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Geddings v. Roberts

United States District Court, M.D. North Carolina

March 30, 2018

MICHAEL CHADWICK GEDDINGS, Plaintiff,
v.
MR. ROBERTS, et al., Defendants.

          MEMORANDUM OPINION AND ORDER

          Loretta C. Biggs, United States District Judge.

         Plaintiff, Michael Chadwick Geddings, initiated this action, pro se, pursuant to 42 U.S.C. § 1983 alleging violations of the United States Constitution. (ECF No. 2.) Before the Court is Defendant Michael McDougald's (“Defendant”) Motion for Summary Judgment.[1] (ECF No. 47.) The matter is ripe for disposition. For the following reasons, the Court will GRANT Defendant's motion.

         I. BACKGROUND

         This case arises out of a correctional officer's use of physical force against Plaintiff, a prisoner of the State of North Carolina in the custody of the North Carolina Department of Public Safety (“NCDPS”).[2] In March, 2015, Plaintiff filed a complaint against Defendant alleging that Defendant subjected him to excessive force while enforcing the “unconstitutional practice”[3] of punishing inmates by denying them dayroom (out of cell) recreation for up to (2) two days for even a minor infraction.” (Compl., § V ¶¶ 2-3, ECF No. 2.) Specifically, Plaintiff asserts the following account.

         On December 17, 2014, Defendant entered C Pod, the unit in which Plaintiff was housed, alone at approximately 7:40 p.m. (Id. § V ¶ 3, ECF No. 2 at 4.) Defendant approached Plaintiff in an unprofessional manner (id.) and disrespectfully demanded that Plaintiff lock down in his cell (Geddings Aff. ¶ 7). When Plaintiff asked why, Defendant stated that another inmate had been in Plaintiff's cell, which was prohibited. (Compl. § V ¶ 3.) Plaintiff denied any wrongdoing and, instead of complying with what he perceived to be an unlawful order, Plaintiff “respectfully requested” to speak with the sergeant on duty before locking down. (Id.) Plaintiff then attempted to walk in the opposite direction of Defendant in order to sit at a table and wait for the sergeant. (Id.) Defendant blocked his path, bumping Plaintiff's chest with his own. (Id. ¶ 5; Geddings Aff. ¶ 14.) Plaintiff attempted twice more to walk in the opposite direction before he made it to a table where he sat down. (Compl. § V ¶ 5.) He made no movements which could be construed as threatening or aggressive. (Id.) Defendant came over to Plaintiff, and began pacing back and forth beside him, using profanity to repeat his request. (Id.; Geddings Aff. ¶ 18.) Defendant's conduct became threatening and angry. (Geddings Aff. ¶ 18.) Defendant demanded Plaintiff stand up, but did not indicate why. (Compl. § V ¶ 5.) Plaintiff remained seated, and again requested to see the sergeant on duty. (Id.; Geddings Aff. ¶ 19.) Then, without provocation or warning, Defendant sprayed pepper spray on Plaintiff's face “from point blank range.” (Geddings Aff. ¶¶ 20-21.) Plaintiff “continue[d] to show no signs of aggression or threat” although he “may have pushed [Defendant's] arm away due to a natural reflex to protect [him]self.” (Geddings Aff. ¶ 21.)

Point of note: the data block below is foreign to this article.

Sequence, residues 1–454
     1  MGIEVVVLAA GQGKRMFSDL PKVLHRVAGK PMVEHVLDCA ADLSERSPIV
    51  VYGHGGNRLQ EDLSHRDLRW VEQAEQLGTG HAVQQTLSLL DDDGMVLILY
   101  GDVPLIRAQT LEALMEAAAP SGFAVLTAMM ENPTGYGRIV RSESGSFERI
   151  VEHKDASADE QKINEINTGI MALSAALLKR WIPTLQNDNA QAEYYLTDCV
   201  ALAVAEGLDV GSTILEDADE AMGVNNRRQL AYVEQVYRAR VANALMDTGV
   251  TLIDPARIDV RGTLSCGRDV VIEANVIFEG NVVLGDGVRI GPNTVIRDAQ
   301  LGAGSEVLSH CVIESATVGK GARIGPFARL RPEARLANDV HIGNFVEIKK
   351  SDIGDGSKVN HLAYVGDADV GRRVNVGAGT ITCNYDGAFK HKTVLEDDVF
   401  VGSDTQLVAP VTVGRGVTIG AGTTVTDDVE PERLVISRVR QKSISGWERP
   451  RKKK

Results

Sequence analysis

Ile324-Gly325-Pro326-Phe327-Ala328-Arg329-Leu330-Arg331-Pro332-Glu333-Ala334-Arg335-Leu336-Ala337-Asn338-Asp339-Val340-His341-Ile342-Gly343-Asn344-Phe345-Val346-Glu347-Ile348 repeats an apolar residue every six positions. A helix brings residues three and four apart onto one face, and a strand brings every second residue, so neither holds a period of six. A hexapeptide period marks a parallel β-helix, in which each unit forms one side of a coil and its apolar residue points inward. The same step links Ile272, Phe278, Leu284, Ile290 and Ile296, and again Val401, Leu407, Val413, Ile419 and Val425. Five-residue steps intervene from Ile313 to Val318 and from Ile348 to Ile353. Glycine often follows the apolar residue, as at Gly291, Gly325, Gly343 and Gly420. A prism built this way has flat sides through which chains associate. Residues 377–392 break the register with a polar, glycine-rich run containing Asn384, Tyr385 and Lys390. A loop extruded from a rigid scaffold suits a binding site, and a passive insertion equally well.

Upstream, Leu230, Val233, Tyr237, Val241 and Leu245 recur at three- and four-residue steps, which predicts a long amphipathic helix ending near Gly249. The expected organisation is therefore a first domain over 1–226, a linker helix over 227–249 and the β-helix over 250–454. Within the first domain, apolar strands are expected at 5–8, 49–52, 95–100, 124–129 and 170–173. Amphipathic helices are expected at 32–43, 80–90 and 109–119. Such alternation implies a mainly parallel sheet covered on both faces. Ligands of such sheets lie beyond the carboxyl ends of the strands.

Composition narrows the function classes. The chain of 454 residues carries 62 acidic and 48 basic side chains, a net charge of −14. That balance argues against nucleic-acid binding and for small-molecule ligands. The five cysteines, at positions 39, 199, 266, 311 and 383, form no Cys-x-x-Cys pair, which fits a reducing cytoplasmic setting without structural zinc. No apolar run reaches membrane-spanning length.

Plaintiff stated in his complaint that after hesitating, Defendant tackled Plaintiff onto the table. (Compl. § V ¶ 5.) Defendant hesitated again, then pulled Plaintiff off the stool, slamming Plaintiff's head and face into the floor. (Id.) Plaintiff almost lost consciousness. (Id.) In his affidavit, Plaintiff stated that Defendant

attempt[ed] to tackle [him] immediately after spraying [him] with pepper spray. When [Defendant] [couldn't] move [Plaintiff], he then wrap[ped] his arm around [Plaintiff's] neck and pulled [Plaintiff] backward by way of [Plaintiff's] neck. When Defendant [couldn't] pull [Plaintiff] off the stool, he then pushe[d] [Plaintiff] sideways off the stool and slam[med] [Plaintiff's] face into the floor, almost knocking [Plaintiff] unconscious.

(Geddings Aff. ¶ 21.) Plaintiff further states that later, when Sergeant Locklear was attempting to cuff him,

[a]n officer assisting Sergeant Locklear accidentally placed the right cuff on [his] left wrist and when she attempted to place the left cuff on [his] right wrist, the cuff on [his] left wrist turned and pinched [his] wrist, causing [him] to jump a little bit from the unexpected shock of pain. . . . Sergeant Locklear wasn't paying attention to the handcuffs and when [Plaintiff] jumped, she mistakenly thought [Plaintiff] was trying to resist. She placed [him] against the table. [Plaintiff] then explained the problem with the handcuffs. Sgt. Locklear look[ed] down and the officer correct[ed] the mistake made.

(Geddings Aff. ¶¶ 25-26.)

         Plaintiff alleges that he was then taken to “segregation (lock up)” and placed in a holding cage, where he was examined by Nurse (FNU) Floyd, who noted a knot on his forehead and abrasions on his face and neck. (Compl. § V ¶ 6.) Nurse Floyd gave Plaintiff Tylenol for his head pain. (Id.) Sargent Simmons and Officer Hunt took photographs of Plaintiff's injuries (id. ¶ 7) which have not been made part of the record.

         In the section of the complaint entitled “Exhaustion of Inmate Administrative Remedies, ” Plaintiff indicates that he filed several grievances and refers to a written letter which expressed the “continual rejections of [his] grievance based upon frivolous reasons and justifications.” (Id. § III & Ex. I, ECF No. 2-9.)[4] Plaintiff now seeks a declaratory judgment that Defendant's acts violated Plaintiff's rights under the Constitution, as well as compensatory and punitive damages and injunctive relief. (Id. § VI ¶ 1, 4, 5.)